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Analysis of mica spaced Fabry-Perot filters

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#1 ch-viladrich

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Posted 10 January 2015 - 06:51 AM

Dear All,

Further to this very interesting post on etalon basics :http://www.cloudynig...-etalon-basics/

and given the ongoing bad weather down here, I tried to carry out some analysis of the performances of mica-spaced Fabry-Perot interference filters (in other words Daystar or Solar Spectrum filters) :

 

http://www.astrosurf...nt/solar/FP.htm

 

My point was to check :

 

1) What is the impact of F/D ratio on the bandpass of the filter ?

 

For example, calculations show that a 0.3 A filter used at F/20 would have an effective band pass of 0.85 A.

2) What is the impact of the tilt of the filter on the band pass ?
Indeed, some keen eye observers do have notice that poor focuser would lead to reduced image contrast.
The reason why is that the filter should be square to the optical axis, otherwise the band pass  broadens .
As an example, a 1° tilt of the filter would turn a 0.3 A filter into a 0.5 A filter.

 

PS: do not hesitate if you notice any flaw in the formulae used in these calculations ...

 

Best regards

Christian Viladrich

Attached Thumbnails

  • FWHM-N.JPG

Edited by nitegeezer, 18 January 2015 - 06:11 PM.
Graph removed as requested


#2 BYoesle

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Posted 10 January 2015 - 08:58 AM

BRAVO! :bow:   Excellent analysis Christian  :waytogo:

 

I note that similar bandpass broadening can occur if the telecentric lens system is not optimized to the objective focal length -- as you have cited -- and is at least partly why DayStar rightly does not specify a bandpass for the Quark.  This too will be more significant the narrower the bandpass of the filter.


Edited by BYoesle, 10 January 2015 - 09:29 AM.


#3 marktownley

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Posted 11 January 2015 - 03:27 PM

A great analysis Christian, i've noticed these effects with my Quark.



#4 George9

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Posted 12 January 2015 - 08:52 PM

Very nice! George



#5 BYoesle

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Posted 13 January 2015 - 01:06 AM

 

PS: do not hesitate if you notice any flaw in the formulae used in these calculations ...

 

Christian:  I noticed that none of the filters reach their specified FWHM at the commonly accepted focal ratio of F30, especially the 0.3 A filter...  This is a confirmation of the comments of Mark Wagner in the Etalon Basics thread, so I think your formulas likely are spot-on.

 

 

 

To get narrower or even to .3Ang you really need to be at F/45 or higher depending on the HW of the etalon in an telecentric beam. If you use a collimated system, then the (sweet spot) will be only a small area in the center at these narrower HW etalons.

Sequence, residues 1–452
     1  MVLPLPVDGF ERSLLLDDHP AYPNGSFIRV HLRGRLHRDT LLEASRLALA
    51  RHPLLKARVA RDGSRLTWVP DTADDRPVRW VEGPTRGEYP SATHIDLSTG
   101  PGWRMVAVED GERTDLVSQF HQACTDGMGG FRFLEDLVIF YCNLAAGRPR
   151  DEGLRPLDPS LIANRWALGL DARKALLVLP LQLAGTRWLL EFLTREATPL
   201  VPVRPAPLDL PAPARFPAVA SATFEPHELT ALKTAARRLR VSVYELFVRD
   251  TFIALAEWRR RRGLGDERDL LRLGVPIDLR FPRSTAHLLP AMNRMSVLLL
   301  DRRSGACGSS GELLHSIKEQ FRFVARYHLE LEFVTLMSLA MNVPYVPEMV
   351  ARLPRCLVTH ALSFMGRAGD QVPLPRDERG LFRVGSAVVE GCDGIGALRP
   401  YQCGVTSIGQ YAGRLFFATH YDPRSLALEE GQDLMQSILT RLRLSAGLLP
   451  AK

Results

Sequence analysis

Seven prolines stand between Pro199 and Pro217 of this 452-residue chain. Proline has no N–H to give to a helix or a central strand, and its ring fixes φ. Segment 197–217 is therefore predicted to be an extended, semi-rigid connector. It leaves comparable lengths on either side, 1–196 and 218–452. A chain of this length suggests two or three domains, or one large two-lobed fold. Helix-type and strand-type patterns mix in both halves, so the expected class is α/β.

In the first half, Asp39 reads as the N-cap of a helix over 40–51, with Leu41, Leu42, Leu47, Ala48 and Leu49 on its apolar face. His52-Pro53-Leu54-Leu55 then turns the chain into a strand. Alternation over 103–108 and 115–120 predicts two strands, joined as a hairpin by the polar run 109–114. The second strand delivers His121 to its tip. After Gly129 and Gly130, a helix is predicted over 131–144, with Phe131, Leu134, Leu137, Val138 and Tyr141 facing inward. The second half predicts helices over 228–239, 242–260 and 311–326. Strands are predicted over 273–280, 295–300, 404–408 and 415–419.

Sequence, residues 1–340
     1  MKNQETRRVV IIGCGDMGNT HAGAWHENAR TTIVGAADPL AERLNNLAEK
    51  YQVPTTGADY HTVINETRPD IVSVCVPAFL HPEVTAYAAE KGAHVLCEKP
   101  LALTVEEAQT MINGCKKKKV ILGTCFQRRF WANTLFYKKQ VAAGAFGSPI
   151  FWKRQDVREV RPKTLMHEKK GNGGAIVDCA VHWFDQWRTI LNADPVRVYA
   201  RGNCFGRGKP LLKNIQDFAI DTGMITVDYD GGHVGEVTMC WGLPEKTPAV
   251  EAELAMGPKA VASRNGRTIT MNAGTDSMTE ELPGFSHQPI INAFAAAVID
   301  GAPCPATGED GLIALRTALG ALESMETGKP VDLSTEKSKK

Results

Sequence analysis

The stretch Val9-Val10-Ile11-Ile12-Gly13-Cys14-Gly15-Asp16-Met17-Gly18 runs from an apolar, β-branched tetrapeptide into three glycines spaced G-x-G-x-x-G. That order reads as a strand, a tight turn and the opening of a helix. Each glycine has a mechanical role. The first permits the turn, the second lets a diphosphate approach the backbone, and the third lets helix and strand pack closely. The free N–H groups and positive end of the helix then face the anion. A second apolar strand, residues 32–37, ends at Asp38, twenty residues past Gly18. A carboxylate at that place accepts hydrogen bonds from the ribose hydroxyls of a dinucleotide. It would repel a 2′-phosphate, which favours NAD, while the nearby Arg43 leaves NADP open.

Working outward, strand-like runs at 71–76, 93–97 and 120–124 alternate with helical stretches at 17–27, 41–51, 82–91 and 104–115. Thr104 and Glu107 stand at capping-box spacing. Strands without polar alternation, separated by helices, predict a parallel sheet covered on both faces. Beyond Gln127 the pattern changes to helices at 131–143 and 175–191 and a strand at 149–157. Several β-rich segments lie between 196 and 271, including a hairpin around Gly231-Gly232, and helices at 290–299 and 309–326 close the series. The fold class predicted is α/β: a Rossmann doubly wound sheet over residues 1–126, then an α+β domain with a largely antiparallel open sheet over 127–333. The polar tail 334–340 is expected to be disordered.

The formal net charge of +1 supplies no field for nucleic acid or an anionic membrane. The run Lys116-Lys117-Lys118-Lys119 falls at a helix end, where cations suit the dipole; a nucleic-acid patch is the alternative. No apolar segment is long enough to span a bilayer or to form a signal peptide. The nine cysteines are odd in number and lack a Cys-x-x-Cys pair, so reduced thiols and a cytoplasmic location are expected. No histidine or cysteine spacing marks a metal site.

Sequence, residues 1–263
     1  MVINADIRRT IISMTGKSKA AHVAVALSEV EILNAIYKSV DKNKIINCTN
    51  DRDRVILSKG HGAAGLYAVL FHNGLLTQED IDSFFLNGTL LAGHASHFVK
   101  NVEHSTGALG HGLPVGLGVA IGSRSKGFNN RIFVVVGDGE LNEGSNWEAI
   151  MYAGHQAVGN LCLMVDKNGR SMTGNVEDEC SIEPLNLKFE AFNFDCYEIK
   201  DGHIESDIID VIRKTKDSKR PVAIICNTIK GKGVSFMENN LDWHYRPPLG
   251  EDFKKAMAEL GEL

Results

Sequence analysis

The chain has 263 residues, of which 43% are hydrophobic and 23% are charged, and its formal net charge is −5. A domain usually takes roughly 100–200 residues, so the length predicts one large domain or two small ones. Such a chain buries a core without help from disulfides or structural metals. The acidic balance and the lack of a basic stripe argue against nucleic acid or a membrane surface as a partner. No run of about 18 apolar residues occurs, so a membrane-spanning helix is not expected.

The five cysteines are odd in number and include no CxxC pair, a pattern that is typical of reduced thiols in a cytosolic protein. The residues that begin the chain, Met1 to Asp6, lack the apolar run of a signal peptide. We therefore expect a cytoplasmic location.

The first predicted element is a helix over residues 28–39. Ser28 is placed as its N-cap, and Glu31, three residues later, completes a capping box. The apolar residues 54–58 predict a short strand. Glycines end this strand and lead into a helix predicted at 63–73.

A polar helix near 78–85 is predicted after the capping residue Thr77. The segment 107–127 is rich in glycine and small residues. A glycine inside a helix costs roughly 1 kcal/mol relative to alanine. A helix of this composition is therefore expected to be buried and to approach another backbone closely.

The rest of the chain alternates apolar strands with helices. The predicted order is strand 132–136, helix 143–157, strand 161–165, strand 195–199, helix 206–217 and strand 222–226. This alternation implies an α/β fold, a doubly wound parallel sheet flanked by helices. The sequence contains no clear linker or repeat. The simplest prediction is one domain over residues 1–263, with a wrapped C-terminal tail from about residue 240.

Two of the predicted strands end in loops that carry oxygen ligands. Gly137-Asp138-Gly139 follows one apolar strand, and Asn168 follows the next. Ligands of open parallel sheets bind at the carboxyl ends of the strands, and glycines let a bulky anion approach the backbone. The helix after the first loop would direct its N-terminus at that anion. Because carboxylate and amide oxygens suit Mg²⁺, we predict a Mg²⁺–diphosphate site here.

If you are using a barlow or telecentric or just stopping down the scope you will never get narrower then .3Ang regardless the HW of the etalon if you are faster then F/35.

 

It is also interesting to note that the on-band tilt performance - and therefore the etalon acceptance angle - is very similar for all three band-passes chosen for study (~ 0.5 degree).  I would have erroneously assumed that a narrower FWHM filter would have a proportionally smaller acceptance angle.  What is instead demonstrated is that the the amount of degradation from tilt as a fraction of the band-pass is greater the narrower band-pass -- e.g. there is a greater sensitivity to tilt.  Hmmm...


Edited by BYoesle, 13 January 2015 - 01:21 AM.


#6 George9

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Posted 13 January 2015 - 08:46 AM

 

Christian:  I noticed that none of the filters reach their specified FWHM at the commonly accepted focal ratio of F30, especially the 0.3 A filter...  This is a confirmation of the comments of Mark Wagner in the Etalon Basics thread, so I think your formulas likely are spot-on.

 

 

How are filters specified when they are sold? 0.3A at F30 or at a theoretical F-infinity? If they determine the bandwidth visually, then it might be specified at F30. Or perhaps they just know what a 0.3A (at infinity) looks like at F30 and call it from experience. George



#7 BYoesle

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Posted 13 January 2015 - 03:02 PM

Hi George,

 

I believe the specified band-pass is the theoretical (e.g. focal ratio approaches infinity) specification, and is determined by a laboratory spectrometer.

 

Real-world performance will be determined by the instrument angles (i.e. focal ratio) and field angles.  For these types of filters, the instrument angles are generally a straightforward extrapolation from the focal ratio.  The field angles (and tilted instrument angles) depend on the auxiliary optics such as the telecentric lens specifications in conjunction with the objective focal length.  

 

 

i've noticed these effects with my Quark.

 

While DayStar states the the Quark uses a "truly telecentric" barlow lens (as opposed to a Powermate?)  - http://www.daystarfi.../QuarkFlyer.pdf  - the only way the "truly telecentric" performance could be realized is if DayStar specified the focal length of the objective the telecentric was designed to be used with.  And for the Quark there is also another set of variables - the original FWHM spec. of the etalon and the filter grade used.  http://www.daystarfilters.com/Quark/QuarkUniformity